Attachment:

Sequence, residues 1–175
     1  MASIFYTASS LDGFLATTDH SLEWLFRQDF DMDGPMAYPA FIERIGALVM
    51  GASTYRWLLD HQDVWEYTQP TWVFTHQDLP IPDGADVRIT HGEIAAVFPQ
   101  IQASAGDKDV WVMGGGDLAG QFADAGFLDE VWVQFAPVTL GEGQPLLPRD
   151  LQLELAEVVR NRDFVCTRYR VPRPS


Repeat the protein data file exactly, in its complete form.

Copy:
Sequence, residues 1–175
     1  MASIFYTASS LDGFLATTDH SLEWLFRQDF DMDGPMAYPA FIERIGALVM
    51  GASTYRWLLD HQDVWEYTQP TWVFTHQDLP IPDGADVRIT HGEIAAVFPQ
   101  IQASAGDKDV WVMGGGDLAG QFADAGFLDE VWVQFAPVTL GEGQPLLPRD
   151  LQLELAEVVR NRDFVCTRYR VPRPS